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New Zealand Opera to provide braille surtitles for live performances | Blindness and visual impairment

New Zealand Opera to provide braille surtitles for live performances | Blindness and visual impairment
New Zealand Opera to provide braille surtitles for live performances | Blindness and visual impairment


New Zealand’s blind and low-vision opera fans will be the first in the world to have access to braille surtitles, designed to enrich their experience of a live performance without the interference of audio descriptions.

Opera companies around the world regularly use surtitles – where lyrics or scripts are translated into other languages and published on screens during a live performance – to give audiences a deeper understanding of what is being said or sung on stage, in real time.

Until now, the primary option for vision-impaired operagoers to understand the opera text has been through audio descriptions, which can interfere with the music.

NZ Opera’s general director, Brad Cohen, developed the technology alongside his company contexts.live. It sends braille surtitles to a user’s personal braille-reading machine at the same time as the sighted audience is reading the translations on screen.

Brad Cohen: ‘For us this is a really important step in levelling the playing field.’ Photograph: Andi Crown Photography

Cohen believes the technology is a world first and could change the way vision-impaired operagoers connect with a performance.

“Blind and low-vision patrons have always been at a disadvantage – they haven’t had the same experiences as the rest of the room was having,” Cohen said. “For us this is a really important step in levelling the playing field, giving them the same experience and same text as the rest of the audience is seeing.”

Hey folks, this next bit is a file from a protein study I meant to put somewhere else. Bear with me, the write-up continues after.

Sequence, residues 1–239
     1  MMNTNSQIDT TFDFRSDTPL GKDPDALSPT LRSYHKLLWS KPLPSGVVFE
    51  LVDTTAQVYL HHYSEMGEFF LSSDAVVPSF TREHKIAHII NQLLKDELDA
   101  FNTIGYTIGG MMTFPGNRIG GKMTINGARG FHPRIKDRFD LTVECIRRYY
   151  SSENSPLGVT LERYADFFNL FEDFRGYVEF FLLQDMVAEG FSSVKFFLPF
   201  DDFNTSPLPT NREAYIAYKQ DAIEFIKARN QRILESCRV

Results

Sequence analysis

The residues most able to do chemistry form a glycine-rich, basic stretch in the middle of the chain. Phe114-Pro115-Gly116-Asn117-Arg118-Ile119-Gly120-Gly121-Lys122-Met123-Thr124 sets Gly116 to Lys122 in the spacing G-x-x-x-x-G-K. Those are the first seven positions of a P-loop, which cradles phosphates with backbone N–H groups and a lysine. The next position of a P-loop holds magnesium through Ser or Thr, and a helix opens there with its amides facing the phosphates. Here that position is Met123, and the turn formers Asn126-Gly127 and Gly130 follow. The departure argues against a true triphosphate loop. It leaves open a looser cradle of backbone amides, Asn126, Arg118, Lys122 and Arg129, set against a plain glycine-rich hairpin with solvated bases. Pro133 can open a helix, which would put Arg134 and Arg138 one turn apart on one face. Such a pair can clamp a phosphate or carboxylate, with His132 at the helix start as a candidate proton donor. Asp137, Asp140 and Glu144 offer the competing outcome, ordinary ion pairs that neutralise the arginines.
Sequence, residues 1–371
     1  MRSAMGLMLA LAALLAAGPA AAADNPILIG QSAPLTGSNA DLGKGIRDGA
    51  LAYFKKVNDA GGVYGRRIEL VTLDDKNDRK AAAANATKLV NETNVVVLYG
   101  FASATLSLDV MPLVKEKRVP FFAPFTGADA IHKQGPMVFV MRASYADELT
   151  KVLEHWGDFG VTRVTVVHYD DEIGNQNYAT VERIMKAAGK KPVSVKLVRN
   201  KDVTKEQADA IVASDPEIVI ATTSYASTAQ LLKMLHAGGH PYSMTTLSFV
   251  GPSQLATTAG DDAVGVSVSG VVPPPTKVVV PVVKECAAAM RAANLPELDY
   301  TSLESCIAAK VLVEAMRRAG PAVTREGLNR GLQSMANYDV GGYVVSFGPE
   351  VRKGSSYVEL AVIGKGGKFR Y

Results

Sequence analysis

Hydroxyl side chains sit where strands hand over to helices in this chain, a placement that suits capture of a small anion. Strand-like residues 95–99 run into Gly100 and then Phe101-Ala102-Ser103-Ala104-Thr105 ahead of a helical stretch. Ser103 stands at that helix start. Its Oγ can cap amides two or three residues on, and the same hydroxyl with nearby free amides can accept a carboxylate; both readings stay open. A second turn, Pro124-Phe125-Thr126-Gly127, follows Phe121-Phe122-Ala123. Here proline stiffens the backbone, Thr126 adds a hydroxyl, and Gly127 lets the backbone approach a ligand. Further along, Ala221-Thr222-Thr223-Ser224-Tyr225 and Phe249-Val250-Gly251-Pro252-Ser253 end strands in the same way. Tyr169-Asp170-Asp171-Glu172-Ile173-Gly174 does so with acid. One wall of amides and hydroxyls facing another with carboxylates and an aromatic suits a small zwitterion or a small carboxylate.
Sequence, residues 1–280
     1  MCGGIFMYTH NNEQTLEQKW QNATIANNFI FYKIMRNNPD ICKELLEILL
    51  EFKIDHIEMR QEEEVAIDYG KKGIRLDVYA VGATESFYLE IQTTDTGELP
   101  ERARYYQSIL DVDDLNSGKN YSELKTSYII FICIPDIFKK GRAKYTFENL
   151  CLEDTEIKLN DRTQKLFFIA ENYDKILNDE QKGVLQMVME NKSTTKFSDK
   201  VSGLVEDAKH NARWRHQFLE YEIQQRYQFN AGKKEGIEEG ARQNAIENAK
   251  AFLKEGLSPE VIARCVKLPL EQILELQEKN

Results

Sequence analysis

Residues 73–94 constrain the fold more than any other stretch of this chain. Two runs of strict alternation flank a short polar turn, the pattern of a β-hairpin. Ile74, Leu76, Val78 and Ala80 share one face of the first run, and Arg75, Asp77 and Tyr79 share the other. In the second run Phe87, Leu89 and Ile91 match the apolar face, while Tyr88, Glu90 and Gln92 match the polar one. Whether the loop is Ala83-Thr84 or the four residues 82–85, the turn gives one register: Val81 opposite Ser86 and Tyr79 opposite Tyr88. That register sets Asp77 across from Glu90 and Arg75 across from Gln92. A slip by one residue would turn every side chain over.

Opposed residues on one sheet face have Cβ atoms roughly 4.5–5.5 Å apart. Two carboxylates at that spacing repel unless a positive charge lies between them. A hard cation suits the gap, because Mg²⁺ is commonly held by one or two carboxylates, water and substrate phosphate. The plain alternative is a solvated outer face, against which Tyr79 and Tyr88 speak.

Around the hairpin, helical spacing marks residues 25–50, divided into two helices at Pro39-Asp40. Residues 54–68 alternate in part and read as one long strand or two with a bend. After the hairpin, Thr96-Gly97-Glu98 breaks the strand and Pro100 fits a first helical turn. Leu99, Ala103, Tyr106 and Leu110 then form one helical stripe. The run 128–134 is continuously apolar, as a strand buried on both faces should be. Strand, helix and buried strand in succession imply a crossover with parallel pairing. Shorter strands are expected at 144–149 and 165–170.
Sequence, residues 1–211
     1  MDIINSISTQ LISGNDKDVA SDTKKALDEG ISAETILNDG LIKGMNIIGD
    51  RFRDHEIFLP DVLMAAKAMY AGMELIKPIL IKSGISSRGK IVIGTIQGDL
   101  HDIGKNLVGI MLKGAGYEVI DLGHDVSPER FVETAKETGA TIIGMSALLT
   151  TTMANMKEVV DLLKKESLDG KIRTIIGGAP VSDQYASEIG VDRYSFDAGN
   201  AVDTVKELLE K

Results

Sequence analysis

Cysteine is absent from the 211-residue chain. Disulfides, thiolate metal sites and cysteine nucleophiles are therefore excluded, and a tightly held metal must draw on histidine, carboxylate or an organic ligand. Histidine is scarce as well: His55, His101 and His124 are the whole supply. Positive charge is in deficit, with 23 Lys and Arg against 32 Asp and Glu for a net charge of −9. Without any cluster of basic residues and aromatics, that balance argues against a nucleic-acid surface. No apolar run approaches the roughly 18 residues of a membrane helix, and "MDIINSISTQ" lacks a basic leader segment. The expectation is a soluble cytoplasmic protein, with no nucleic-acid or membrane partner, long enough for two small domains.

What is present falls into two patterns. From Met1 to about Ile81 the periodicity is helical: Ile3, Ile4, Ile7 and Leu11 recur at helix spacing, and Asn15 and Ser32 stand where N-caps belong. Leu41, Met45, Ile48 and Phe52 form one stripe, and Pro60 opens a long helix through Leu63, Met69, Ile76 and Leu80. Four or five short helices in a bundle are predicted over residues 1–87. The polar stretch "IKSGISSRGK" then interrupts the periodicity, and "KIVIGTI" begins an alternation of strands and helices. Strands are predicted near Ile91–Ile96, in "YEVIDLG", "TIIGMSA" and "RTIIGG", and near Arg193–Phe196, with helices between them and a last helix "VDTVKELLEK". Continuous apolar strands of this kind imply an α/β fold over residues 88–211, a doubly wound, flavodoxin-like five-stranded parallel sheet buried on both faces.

Users of the technology access the text through a webpage on their phone, which then sends the words, line by line, to the braille reader.

“The beauty of the technology we built is that it has lots of outputs, they are all live-synchronised to what is going on on stage,” Cohen said.

That means a sighted person can read it on the opera screen, a low-vision person can read it in large text on their device and at the same time a blind person could be either listening to it or reading it in braille.

Cohen hopes the technology will be adopted by others in the live performance realm. “We would love opera companies to take it but we see huge potential for conferences or anything where there is an existing script.”

After a successful first opera trial during the Auckland season of Rossini’s Le Comte Ory, the technology will now become a permanent option for NZ Opera’s performances.

Paul Brown, a blind opera fan and co-director of the company Audio Described Aotearoa, assisted Cohen with the technology and was part of the trial last week. He said the technology was “life changing”.

“It’s a recognition of braille as the primary literacy method for a group of people, but secondly, it means we are getting the surtitles the whole audience are seeing,” Brown said.

The latter was particularly important for Le Comte Ory because it had been translated into New Zealand slang, he said, adding that listening to opera without an audio description and still being able to understand the text added “another layer” to the performance.

“I know the audience was laughing at the surtitles because they were so idiosyncratic – to know what they were laughing at, you had to have access to the surtitles.”

He said the potential for the technology was exciting. “People around the world who are braille enthusiasts are really thinking about what this could be used for and what it could open up – potentially it’s a lot.”



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